Offramp Gallery = 1702 Lincoln Avenue = Pasadena, CA 91103 = 626.298.6931 
Aron Goldberg: A Life in Self Portraits
September 13 - October 25, 2009
Opening Reception: Sunday, September 13, 2-5pm
Aron Goldberg
Resume

Education

UCLA, BA, art, 1959
UCLA, MFA, photography, 1977

Solo Exhibitions

2009 Aron Goldberg: A Life in Self Portraits, Offramp Gallery, Pasadena, CA
1978 Los Angeles Photographic Center
1966 Ceejee Galleries, Los Angeles

Selected Group Exhibitions

1999 "Painting from Observation," Rio Hondo College, 2-person show
1990 "Portraits," Mt. St. Mary's College
1985 "Celebrating Two Decades in Photography," Wight Gallery, UCLA, (catalog)
1984 "Ceeje Revisited," Municipal Art Gallery, Los Angeles, (catalog)
1983 "Six Artists," Double Rocking G Gallery, Los Angeles
1982 "Erotic Show," CameraVision Gallery, Los Angeles
1980 Day of the Dead Photo Show, Galeria Otra Vez, Los Angeles
"Mask as Object and Image," S.P.A.R.C., Venice, CA
"Male Nude," CameraVision Gallery, Los Angeles
1964 Vincent Price Collection, Sears Roebuck, Inc.

Criticism & Reviews

1984 "Ceeje Revisited," Los Angeles Times, April 29
1980 Review, "Male Nude" show at CameraVision, Artweek, March 15
1975 Review, E.L. Carrillo show, Los Angeles Times, April 7
1966 Review, Los Angeles Times, November 25
Review, Los Angeles Herald Examiner, November 10
1964 "Circle of Styles in Los Angeles," Art in America, John Coplans

Publications

1979 "Edmund Teske: Images from Within," introduction to exhibition catalog, Friends of Photography, Carmel, CA
1976 "James Doolin," introduction to exhibition catalog, Los Angeles Municipal Art Gallery
1975 Occasional piece for Artweek
"Eduardo Carrillo," introduction to exhibition catalog, California State University, LA 
1966-67  Occasional art criticism, Los Angeles Free Press

Teaching

Working with students of all ages, taught photography, oil painting, watercolor, figure painting, landscape painting, basic drawing, figure drawing, color drawing, art history, printmaking, stagecraft and lighting, and children's art at varied institutions, including:

Otis College of Art and Design, Los Angeles
Southwest College, Los Angeles
Rustic Canyon Recreation Center, Los Angeles
Woodbury University, Burbank, CA
Los Angeles County Museum of Art
University of Judaism, Los Angeles
Los Angeles Photographic Center, Women's Program
UCLA Extension
Westridge School, Pasadena
Sunset Canyon Recreation Center, UCLA
Loyola Marymount University

Press Release
July 22, 2009

Offramp Gallery is pleased to present a very special exhibition, Aron Goldberg: A Life in Self Portraits from September 13 – October  25, 2009, with an opening reception for the artist on Sunday, September 13, 2-5pm.

Aron Goldberg: A Life in Self Portraits features more than 80 self portraits, covering a  time span from the mid-1950’s to the present. Presented in loosely chronological order, the work follows Los Angeles-based Goldberg from a young man doing formal oil paintings, through his artistic peak and deep disaffection with the contemporary art world in the 1980’s, through the slow decline of the last few years due to aging and illness.

Goldberg graduated from UCLA with a BA in art in 1959. He showed his work at the Ceeje Gallery until it closed in 1970. Aron continued to work as an artist, ultimately going back to UCLA where he earned his MFA in photography in 1977. He made a meager living teaching, writing, doing lighting design for performing arts and photography for artists and galleries. For many years he hosted a Sunday night figure drawing group for students and like-minded artists. 

In conjunction with the exhibition and Offramp Gallery, Media For a Better Planet is producing an eponymous documentary.  Media for a Better Planet is a new production company formed to create socially-conscious films and documentaries.  Filming is ongoing and footage will be shown at Mr. Goldberg's opening at Offramp Gallery on Sunday, September 13th, 2009.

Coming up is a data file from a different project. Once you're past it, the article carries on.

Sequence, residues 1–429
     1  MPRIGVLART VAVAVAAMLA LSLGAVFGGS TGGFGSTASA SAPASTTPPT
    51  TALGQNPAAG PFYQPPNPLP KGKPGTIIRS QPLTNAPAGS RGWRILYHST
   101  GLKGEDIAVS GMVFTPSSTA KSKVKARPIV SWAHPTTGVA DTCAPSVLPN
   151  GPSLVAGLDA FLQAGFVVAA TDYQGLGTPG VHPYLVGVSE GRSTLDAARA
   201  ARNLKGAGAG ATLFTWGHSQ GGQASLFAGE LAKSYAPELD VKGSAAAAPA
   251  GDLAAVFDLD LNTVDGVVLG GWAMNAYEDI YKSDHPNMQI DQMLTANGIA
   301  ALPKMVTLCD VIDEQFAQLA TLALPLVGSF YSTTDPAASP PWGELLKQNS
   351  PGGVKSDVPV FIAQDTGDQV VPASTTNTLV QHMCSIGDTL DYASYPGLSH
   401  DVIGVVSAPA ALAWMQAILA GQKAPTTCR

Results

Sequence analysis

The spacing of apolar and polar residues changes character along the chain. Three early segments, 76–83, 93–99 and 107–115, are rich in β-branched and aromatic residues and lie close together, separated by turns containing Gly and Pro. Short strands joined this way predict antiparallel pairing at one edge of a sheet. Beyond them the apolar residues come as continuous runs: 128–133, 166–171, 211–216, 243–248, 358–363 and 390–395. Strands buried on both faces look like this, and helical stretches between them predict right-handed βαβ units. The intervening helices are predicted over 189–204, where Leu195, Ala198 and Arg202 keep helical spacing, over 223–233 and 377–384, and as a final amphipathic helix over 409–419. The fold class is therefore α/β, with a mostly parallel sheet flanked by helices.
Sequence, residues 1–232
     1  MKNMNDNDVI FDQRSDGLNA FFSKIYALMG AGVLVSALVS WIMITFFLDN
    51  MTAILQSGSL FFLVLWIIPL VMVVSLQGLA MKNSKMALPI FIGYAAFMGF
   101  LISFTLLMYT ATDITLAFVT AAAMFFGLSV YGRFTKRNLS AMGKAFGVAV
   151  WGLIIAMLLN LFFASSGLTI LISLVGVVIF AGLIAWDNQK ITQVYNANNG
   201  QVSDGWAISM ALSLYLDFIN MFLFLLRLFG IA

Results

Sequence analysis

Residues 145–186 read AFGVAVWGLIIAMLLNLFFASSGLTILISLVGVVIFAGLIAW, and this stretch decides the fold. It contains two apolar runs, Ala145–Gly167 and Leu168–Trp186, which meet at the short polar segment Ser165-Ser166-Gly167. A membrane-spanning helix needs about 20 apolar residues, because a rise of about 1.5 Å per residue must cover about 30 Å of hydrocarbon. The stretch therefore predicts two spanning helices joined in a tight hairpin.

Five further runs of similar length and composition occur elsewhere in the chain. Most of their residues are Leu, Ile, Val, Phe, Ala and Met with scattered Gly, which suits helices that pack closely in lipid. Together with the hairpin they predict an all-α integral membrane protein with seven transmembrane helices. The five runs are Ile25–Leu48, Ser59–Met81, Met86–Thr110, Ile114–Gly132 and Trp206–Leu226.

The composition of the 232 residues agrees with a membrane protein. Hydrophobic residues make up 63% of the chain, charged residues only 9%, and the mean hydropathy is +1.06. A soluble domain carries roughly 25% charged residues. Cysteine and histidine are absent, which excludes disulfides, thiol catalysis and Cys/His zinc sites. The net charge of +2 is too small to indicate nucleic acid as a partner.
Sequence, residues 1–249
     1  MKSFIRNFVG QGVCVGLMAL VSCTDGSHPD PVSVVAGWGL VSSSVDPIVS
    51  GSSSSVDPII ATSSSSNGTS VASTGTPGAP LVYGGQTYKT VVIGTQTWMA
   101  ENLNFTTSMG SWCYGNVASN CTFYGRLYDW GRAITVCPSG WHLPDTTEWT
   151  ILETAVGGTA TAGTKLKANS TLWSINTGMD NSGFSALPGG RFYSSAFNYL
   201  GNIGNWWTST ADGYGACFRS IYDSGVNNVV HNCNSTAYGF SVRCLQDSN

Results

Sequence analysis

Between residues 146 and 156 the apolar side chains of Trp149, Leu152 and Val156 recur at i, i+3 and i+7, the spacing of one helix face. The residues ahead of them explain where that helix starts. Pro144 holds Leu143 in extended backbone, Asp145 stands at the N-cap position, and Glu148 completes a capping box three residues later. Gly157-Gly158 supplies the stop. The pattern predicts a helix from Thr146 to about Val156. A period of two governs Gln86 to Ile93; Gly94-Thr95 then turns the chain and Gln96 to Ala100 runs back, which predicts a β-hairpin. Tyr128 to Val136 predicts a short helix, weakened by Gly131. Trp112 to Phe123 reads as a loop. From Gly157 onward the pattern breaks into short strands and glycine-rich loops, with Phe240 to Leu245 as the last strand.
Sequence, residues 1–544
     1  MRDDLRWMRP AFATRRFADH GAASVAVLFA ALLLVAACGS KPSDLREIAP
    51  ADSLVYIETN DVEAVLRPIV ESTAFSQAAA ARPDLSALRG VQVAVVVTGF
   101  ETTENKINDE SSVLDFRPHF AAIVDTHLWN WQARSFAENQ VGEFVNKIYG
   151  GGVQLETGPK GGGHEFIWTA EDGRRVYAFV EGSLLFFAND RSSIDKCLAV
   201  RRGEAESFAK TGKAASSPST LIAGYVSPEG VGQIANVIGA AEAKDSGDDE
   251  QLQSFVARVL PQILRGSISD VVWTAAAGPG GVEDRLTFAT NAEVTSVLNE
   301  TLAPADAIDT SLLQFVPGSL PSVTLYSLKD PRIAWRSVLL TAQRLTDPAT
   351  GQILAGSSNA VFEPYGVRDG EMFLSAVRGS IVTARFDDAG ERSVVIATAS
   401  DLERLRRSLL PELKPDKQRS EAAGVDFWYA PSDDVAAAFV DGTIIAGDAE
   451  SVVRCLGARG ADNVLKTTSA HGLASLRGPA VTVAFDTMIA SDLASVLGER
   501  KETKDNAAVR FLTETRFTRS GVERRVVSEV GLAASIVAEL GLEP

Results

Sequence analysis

Aron Goldberg: A Life in Self Portraits is co-curated by Offramp Gallery director, Jane Chafin and artist, Nicholette Kominos. 

Curatorial Essay 
by Jane Chafin

I first met Aron Goldberg in 1982, when I signed up for a class he was teaching at Otis College of Art and Design (then Otis/Parsons) which advertised pre-Cubist techniques of drawing and painting. In an era when art stars, hype and careerism had begun to dominate the contemporary art scene, Aron believed in a traditional, academic approach to teaching and making art, skills and techniques that seemed well on their way to extinction at the time. 

Aron’s career as an artist had begun with great promise. He graduated from UCLA with a BA in art in 1959, and soon began showing his work at the Ceeje Gallery in Los Angeles, where he enjoyed a measure of success.  In a Los Angeles Times review (November 25, 1966) of Goldberg’s 1966 solo show at the Ceeje, art critic William Wilson wrote: 

"Judged by the most extreme standards current, the paintings of Aaron [sic] Goldberg at Ceeje Gallery are distinctly academic -- a situation that rather adds to the academic argument than subtracts from Goldberg who is obviously a painter of talent and terrible seriousness . . . The local artist paints glowering self-portraits, fish heads and, best of all, shiny red-tinged bones that were recently part of a living architecture. Their symbolism is immediately obvious. It speaks of death, emasculation and the drying up of the sources of life . . . The tragic humanity of this work recalls artists from Rembrandt to Soutine. If its seriousness is occasionally ponderous, it is also deeply felt and insistently real."

In an April 12, 1975 Artweek review that he himself wrote about fellow Ceeje alumnus Ed Carrillo, Goldberg described the Ceeje experience:

"The Ceeje mainly showed people who were UCLA graduate students and faculty. The art was romantic and visionary – with a vengeance.  .  . Ceeje art was youthful, maybe too learned, and it didn’t have the strength to survive the hardening of the local art scene when the moneymaking patterns became set. The gallery closed, soon dropped from public attention altogether and its artists became historical non-persons."

The reference to “historical non-persons” is no doubt also autobiographical. After the Ceeje closed in 1970, Aron continued to work as an artist, ultimately going back to UCLA where he earned his MFA in photography in 1977.  He made a meager living teaching, writing, doing lighting design for performing arts and photography for artists and galleries. For many years he hosted a Sunday night figure drawing group for students and like-minded artists. 

He continued to show in group exhibitions, but interest in his work diminished, leaving him feeling even more alienated from the art world. He continued to work prolifically, however, doing study after study from life -- bones, broken dolls, ghoulish masks, fish heads, figure studies and self portraits -- works mostly on paper. When asked why he did so many self portraits, Aron would reply, “because I can’t afford a model.”